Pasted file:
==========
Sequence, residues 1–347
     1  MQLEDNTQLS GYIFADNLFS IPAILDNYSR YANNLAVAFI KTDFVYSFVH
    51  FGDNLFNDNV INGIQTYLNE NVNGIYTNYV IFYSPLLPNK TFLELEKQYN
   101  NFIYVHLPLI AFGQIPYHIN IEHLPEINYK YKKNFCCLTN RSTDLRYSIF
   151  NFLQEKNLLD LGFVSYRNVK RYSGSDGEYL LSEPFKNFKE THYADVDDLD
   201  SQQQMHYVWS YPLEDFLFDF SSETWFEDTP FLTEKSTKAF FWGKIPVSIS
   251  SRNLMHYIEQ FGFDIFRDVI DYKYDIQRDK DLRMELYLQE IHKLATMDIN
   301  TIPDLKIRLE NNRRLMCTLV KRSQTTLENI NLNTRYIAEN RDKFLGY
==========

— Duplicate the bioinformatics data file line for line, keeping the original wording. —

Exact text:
Sequence, residues 1–347
     1  MQLEDNTQLS GYIFADNLFS IPAILDNYSR YANNLAVAFI KTDFVYSFVH
    51  FGDNLFNDNV INGIQTYLNE NVNGIYTNYV IFYSPLLPNK TFLELEKQYN
   101  NFIYVHLPLI AFGQIPYHIN IEHLPEINYK YKKNFCCLTN RSTDLRYSIF
   151  NFLQEKNLLD LGFVSYRNVK RYSGSDGEYL LSEPFKNFKE THYADVDDLD
   201  SQQQMHYVWS YPLEDFLFDF SSETWFEDTP FLTEKSTKAF FWGKIPVSIS
   251  SRNLMHYIEQ FGFDIFRDVI DYKYDIQRDK DLRMELYLQE IHKLATMDIN
   301  TIPDLKIRLE NNRRLMCTLV KRSQTTLENI NLNTRYIAEN RDKFLGY